None of these people really wanted to do the things they did.  But they found, as St. Paul put it, that at times the good they wanted to do they could not do, and at other times the evil they wanted so much to avoid, that they could not avoid.  They were sinners, who were frustrated that time and time again they sinned, no matter how much they loved the Lord and truly wanted to please Him.  This is part of the story of the Old Testament.

The second kind of frustration in the Old Testament is the frustration of the Lord.  Time and time again the Lord gave to His people, and time and time again the Lord forgave His people, and rescued them, and gave them a new start, a better start, with the goal of giving them a new heart, a heart totally filled with love for Him and His good and righteous law, and time and time again His people said thank you, turned around, took one step, and immediately fell right back into a muddy ditch.  Again, watching from a human perspective, it would seem in the Old Testament that if the Lord’s plan was to create for Himself a holy people, a chosen nation, a light to all the world, it would seem as if all those plans had been frustrated.  Without the gifts of the Holy Spirit, a person reading the Old Testament would walk away at the end with a mental picture of a God frustrated in all His efforts and works, a picture of a God that failed.

Let me read again the closing words of the Old Testament, this time in their proper context of leading to one of the four Gospels, to the opening words of Gospel lesson for this morning:

5 “Behold, I am going to send you Elijah the prophet before the coming of the great and terrible day of the Lord. 6 He will restore the hearts of the fathers to their children and the hearts of the children to their fathers, so that I will not come and smite the land with a curse.”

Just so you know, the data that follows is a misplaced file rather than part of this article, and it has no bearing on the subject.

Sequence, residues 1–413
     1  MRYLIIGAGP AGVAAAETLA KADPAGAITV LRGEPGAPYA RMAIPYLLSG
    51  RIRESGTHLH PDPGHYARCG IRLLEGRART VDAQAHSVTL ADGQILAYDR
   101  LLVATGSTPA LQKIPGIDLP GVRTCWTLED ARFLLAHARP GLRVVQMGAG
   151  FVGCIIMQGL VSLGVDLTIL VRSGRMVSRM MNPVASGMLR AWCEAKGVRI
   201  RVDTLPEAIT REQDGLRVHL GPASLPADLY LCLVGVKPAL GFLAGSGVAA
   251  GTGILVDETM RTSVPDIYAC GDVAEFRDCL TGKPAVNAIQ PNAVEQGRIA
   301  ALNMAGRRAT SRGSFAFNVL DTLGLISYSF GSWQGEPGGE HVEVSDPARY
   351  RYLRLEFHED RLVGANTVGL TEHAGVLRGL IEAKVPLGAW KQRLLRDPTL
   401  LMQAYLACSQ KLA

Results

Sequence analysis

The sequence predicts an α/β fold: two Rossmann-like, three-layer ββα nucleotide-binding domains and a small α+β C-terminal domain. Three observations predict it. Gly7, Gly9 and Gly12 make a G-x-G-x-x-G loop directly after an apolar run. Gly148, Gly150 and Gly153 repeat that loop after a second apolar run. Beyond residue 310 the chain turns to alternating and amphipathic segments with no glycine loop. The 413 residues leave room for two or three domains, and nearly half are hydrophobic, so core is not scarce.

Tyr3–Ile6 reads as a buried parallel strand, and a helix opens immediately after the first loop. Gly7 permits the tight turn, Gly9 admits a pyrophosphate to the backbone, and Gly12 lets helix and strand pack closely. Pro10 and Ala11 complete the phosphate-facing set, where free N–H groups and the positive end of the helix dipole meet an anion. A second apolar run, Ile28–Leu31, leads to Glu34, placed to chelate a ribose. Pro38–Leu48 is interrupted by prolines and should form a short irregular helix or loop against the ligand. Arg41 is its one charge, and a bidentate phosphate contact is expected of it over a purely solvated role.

The beginning of the gospel, the beginning of the good news, of Jesus Christ, the Son of God.

2 As it is written in Isaiah the prophet:

“Behold, I send My messenger ahead of You,
Who will prepare Your way;
3 The voice of one crying in the wilderness,
‘Make ready the way of the Lord,
Make His paths straight.’”

4 John the Baptist appeared in the wilderness preaching a baptism of repentance for the forgiveness of sins.

Did you catch the transition, the pivot?  From the apparent failure and frustration of the Old Testament, left to simmer and stew for nearly 500 years, comes the good news that not only is the Lord not done, no, He has not even really gotten started yet.  The beginning of the Gospel of Jesus Christ, the Son of God, whose way is prepared by the prophet John the Baptist, who appeared preaching a baptism of repentance for the forgiveness of sins.

For the people of God, frustrated in all their efforts to love God and serve Him and obey Him and worship Him, the good news was that their failure was not the last word.  The last word, the only word, would be the work of the suffering servant, the life and death and resurrection of Jesus the Christ.  Upon His shoulders alone rested all the hope of God’s people for forgiveness and for life.  The Word of the Lord was, dwell not upon your own frustrations, pay no attention at all to any merit or lack of merit that you may think you have.  The promise of the Lord was, in the life and work of My Son Jesus I bring you repentance and forgiveness because I still love you, just as much as I ever have.

And in the coming of the Messiah, we have the Lord’s answer to any who would wonder if He had been frustrated in all His efforts with mankind.  All those things that went wrong in the Old Testament, all the sins and faithlessness and idolatry and rebellion of even the best of the Old Testament people, did any of those things frustrate the Lord’s plans on earth and cause Him to just walk away?  No, God points to the final, long-awaited coming of His only Son and He says “Here!  He is what this is all about!  He is what all of this has been leading to!  He is all of Israel reduced to One Person, and all of My promises of the Old Testament all fulfilled in Him.  This is My Son, with Whom I am well pleased.  Listen to Him!”  There is no failure and frustration for the Lord in the Old Testament; only preparation for and anticipation of the One promised to Adam and Eve way back in Genesis 3.